Turkey says ready to send troops to back Libya unity government

Turkey's President Recep Tayyip Erdogan speaks during a meeting of the Organization of Islamic Cooperation (OIC), in Istanbul. Monday, Dec. 9, 2019. (AP)
Updated 11 December 2019

Turkey says ready to send troops to back Libya unity government

ANKARA: Turkish President Recep Tayyip Erdogan said Tuesday he was ready to send troops to Libya if requested by the internationally recognised government in Tripoli.
"On the issue of sending soldiers... If Libya makes such a request from us, we can send our personnel there, especially after striking the military security agreement," he said in a televised appearance.
Turkey signed a military agreement last month with Libya's Government of National Accord, led by Prime Minister Fayez al-Sarraj.
It came after media reports that Russia had sent 200 mercenaries to support Libya's military strongman Khalifa Haftar, who is seeking to unseat the Tripoli-based government.
Russia has denied the reports, but Erdogan said: "There is a security company from Russia (in Libya) called Wagner. This company sent its security staff there."
The Wagner Group is a shadowy private security firm and thousands of its security contractors are believed to be in foreign conflicts from Syria to Ukraine to the Central African Republic.
At the same time as the military deal, Turkey also signed a controversial maritime jurisdiction agreement with Sarraj, giving sweeping rights for Turkey to explore for oil in the Mediterranean.
"With the new line drawn (by the maritime agreement), we will take steps to protect the interests of Libya, Turkey and the TRNC (Turkish Republic of Northern Cyprus). This is in line with international law," he said.
The deal has been staunchly opposed by Greece, Cyprus and their European partners which says it violates the islands' maritime rights.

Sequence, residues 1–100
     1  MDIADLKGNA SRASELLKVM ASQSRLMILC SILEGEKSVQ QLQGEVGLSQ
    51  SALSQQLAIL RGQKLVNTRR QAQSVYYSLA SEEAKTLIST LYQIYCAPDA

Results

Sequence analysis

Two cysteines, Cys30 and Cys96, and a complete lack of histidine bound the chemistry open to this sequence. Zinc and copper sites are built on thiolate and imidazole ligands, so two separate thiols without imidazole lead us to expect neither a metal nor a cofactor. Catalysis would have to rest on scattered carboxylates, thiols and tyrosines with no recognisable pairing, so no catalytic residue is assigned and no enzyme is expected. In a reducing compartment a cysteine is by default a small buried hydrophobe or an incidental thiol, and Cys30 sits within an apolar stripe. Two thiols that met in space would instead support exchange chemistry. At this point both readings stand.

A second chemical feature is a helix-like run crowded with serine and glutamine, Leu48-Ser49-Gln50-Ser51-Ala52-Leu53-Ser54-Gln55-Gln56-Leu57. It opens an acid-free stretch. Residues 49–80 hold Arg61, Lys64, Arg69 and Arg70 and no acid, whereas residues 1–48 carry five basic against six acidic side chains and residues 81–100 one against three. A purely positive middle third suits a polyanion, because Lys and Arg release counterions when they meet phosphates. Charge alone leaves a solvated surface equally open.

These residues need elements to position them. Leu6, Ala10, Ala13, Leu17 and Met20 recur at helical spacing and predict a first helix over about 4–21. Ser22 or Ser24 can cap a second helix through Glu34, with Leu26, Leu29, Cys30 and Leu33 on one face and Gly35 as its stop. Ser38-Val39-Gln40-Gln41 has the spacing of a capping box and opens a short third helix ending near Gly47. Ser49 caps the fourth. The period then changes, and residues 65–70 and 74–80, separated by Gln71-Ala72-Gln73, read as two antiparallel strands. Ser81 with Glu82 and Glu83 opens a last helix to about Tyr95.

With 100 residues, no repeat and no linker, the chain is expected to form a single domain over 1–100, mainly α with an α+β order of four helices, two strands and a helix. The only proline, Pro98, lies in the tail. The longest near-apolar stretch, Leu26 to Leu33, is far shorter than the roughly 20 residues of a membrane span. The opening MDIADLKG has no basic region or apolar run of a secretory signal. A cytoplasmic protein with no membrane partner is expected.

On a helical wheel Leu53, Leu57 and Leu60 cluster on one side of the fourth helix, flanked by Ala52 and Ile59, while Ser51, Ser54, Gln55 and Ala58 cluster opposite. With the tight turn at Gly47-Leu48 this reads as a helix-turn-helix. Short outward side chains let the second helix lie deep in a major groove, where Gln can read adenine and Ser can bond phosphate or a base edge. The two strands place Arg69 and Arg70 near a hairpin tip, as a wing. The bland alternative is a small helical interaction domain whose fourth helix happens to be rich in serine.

Rescue mission aids starving lions in neglected Sudan zoo

Updated 29 January 2020

Rescue mission aids starving lions in neglected Sudan zoo

KHARTOUM: Four lions in a rundown zoo in the capital of Sudan, wasting away from hunger, are undergoing lifesaving medical treatment from an international animal rescue organization.

The plight of the rail-thin lions in Al-Qurashi Park in Khartoum set off an outpouring of sympathy and donations from around the world. At least five lions, both male and female, once inhabited the zoo. One lioness died of starvation last week.

On Tuesday, veterinarians and wildlife experts from Vienna-based animal welfare group Four Paws International conducted medical checks at the park, which has fallen on hard times for lack of money and attention.

Amir Khalil, head of the Four Paws emergency mission, said he was “shocked” by the poor state of the lions, their cramped quarters and the park’s general disarray.

“I don’t understand why no one was given the task of feeding them or how authorities could just overlook this,” he said, describing two of the remaining four as in critical condition, “dehydrated ... a third of their normal weight.”

Four Paws faces a daunting task and its two-day trip has been dogged by challenges from the start. 

When the team arrived late on Monday, customs agents confiscated most of their luggage and essential medicine, citing a lack of prior approval. The group says it’s operating with just a fraction of its equipment, and scrambling to find local alternatives.

Although the group typically carries out rescue missions, it has no immediate plan to transport the animals in Al-Qurashi to better conditions abroad.